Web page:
Occupational Licensing—Between Professional Closure and Labour Market Integration

Research question/goal: 

In many European countries, immigrants are not well integrated into the labour market. Barriers to entry, for example through occupational licenses, might even further complicate the professional integration of immigrants. Our project analyses how job entry restrictions affect professional careers in general and the career prospects of immigrants in particular. In this context, we study a reform of the German Trade and Crafts Code (Handwerksordnung) that came into effect in 2004. The reform reduced the number of trades in which a master craftsmen’s diploma was a prerequisite for setting up a business from 94 to 41. In the other 53 trades, a master craftsmen’s diploma is optional. For the analysis, we will use a difference-in-difference combined with a propensity score matching estimation to compare the development of careers and incomes in trades that were liberalized in 2004 to similar trades in which entry barriers remained in place even after 2004.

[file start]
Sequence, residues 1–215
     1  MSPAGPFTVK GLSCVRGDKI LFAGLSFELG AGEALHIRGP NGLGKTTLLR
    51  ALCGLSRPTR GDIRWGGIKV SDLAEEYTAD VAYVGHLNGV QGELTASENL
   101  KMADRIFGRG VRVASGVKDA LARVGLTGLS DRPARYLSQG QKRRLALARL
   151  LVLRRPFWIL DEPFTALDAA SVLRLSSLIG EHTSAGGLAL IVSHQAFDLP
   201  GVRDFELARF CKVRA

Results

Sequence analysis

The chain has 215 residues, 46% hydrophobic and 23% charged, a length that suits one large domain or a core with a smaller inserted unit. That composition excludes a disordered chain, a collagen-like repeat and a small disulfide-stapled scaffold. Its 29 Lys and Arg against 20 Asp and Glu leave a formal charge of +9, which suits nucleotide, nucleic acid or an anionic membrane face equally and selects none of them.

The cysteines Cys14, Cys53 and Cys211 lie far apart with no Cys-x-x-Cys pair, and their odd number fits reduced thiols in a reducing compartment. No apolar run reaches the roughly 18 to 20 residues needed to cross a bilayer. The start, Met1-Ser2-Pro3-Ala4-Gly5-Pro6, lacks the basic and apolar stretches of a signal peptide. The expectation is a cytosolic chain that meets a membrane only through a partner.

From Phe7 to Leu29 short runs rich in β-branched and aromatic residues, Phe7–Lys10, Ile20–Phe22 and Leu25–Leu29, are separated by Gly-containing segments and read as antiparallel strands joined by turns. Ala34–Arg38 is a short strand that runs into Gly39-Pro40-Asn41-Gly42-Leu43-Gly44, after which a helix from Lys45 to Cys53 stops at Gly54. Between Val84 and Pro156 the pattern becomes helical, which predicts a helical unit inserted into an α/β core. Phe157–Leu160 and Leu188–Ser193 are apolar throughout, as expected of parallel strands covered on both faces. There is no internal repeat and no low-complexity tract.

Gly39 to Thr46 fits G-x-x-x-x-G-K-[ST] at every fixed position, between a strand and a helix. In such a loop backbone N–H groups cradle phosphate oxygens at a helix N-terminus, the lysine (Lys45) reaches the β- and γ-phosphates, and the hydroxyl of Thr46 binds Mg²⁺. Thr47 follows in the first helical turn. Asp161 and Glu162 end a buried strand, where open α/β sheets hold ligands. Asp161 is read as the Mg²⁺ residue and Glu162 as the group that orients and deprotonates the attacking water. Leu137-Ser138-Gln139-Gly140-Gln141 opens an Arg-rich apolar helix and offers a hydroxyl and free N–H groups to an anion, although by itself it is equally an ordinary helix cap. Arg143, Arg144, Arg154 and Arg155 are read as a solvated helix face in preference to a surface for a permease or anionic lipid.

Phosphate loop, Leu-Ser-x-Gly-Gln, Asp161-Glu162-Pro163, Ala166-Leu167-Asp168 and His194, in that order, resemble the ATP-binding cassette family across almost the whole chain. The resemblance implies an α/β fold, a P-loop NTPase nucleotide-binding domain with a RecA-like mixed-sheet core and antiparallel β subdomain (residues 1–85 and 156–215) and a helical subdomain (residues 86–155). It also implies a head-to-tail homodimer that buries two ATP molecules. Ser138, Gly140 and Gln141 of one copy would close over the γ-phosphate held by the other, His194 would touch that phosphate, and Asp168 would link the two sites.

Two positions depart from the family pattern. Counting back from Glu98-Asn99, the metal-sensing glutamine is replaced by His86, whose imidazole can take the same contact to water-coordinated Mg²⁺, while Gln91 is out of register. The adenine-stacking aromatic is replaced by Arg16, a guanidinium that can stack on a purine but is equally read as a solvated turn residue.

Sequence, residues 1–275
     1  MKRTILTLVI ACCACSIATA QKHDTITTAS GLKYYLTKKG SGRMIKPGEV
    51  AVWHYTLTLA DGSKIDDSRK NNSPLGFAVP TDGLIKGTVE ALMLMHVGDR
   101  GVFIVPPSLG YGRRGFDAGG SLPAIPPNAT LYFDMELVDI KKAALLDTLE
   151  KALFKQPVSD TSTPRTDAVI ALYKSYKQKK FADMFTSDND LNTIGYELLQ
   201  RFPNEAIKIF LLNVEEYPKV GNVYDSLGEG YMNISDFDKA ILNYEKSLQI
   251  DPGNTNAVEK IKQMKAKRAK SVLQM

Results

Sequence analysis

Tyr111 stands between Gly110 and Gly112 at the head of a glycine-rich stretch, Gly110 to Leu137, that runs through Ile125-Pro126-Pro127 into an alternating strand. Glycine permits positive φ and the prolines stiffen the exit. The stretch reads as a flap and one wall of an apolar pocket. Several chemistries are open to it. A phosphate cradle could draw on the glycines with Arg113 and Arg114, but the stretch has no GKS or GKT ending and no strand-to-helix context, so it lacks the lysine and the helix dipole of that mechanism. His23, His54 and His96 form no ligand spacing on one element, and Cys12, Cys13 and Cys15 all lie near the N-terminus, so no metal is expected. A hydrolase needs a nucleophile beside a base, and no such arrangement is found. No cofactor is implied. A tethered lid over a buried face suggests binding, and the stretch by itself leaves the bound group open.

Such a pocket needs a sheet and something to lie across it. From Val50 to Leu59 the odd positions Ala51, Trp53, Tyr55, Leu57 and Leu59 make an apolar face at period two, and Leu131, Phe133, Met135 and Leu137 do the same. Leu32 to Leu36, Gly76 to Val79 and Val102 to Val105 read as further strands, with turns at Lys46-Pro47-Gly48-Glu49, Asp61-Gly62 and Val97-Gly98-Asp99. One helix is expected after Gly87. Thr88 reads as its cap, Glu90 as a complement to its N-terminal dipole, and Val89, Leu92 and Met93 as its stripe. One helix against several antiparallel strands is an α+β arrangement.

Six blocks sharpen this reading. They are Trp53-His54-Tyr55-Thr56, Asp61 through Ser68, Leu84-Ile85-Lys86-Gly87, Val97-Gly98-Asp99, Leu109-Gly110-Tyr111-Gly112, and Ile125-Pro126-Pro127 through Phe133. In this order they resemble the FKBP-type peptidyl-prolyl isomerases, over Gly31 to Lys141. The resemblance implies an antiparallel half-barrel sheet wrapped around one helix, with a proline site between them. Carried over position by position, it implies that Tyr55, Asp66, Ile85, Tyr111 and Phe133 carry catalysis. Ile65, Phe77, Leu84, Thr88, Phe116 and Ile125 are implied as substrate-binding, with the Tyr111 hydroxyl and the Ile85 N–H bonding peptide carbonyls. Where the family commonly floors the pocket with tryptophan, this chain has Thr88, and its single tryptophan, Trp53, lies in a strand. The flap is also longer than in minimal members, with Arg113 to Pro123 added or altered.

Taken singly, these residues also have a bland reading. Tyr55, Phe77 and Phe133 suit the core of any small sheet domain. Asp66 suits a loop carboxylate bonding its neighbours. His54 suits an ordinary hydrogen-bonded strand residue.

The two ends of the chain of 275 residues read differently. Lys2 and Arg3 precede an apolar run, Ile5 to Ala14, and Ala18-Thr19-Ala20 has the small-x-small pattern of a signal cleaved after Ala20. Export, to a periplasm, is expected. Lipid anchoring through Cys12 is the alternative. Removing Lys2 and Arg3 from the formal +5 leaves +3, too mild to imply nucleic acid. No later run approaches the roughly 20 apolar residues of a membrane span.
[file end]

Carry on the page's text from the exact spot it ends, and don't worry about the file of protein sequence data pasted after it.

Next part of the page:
Current stage: 

Initial data preparation of both data sources was completed and primary causal analyses in the form of difference-in-differences and propensity score matching estimators were carried out. The difference-in-differences results indicate that the relative self-employment probability among the liberalized occupations has neither increased nor decreased since the reform. The results from propensity score matching show that the income of master craftsmen has increased following the reform. Our team is currently refining these analyses and drafting paper manuscripts for submission to social science journals.

Fact sheet

Fritz Thyssen Foundation
2014 to 2018
Data Sources: 
IAB and Microcensus data, additional sources
Geographic Space: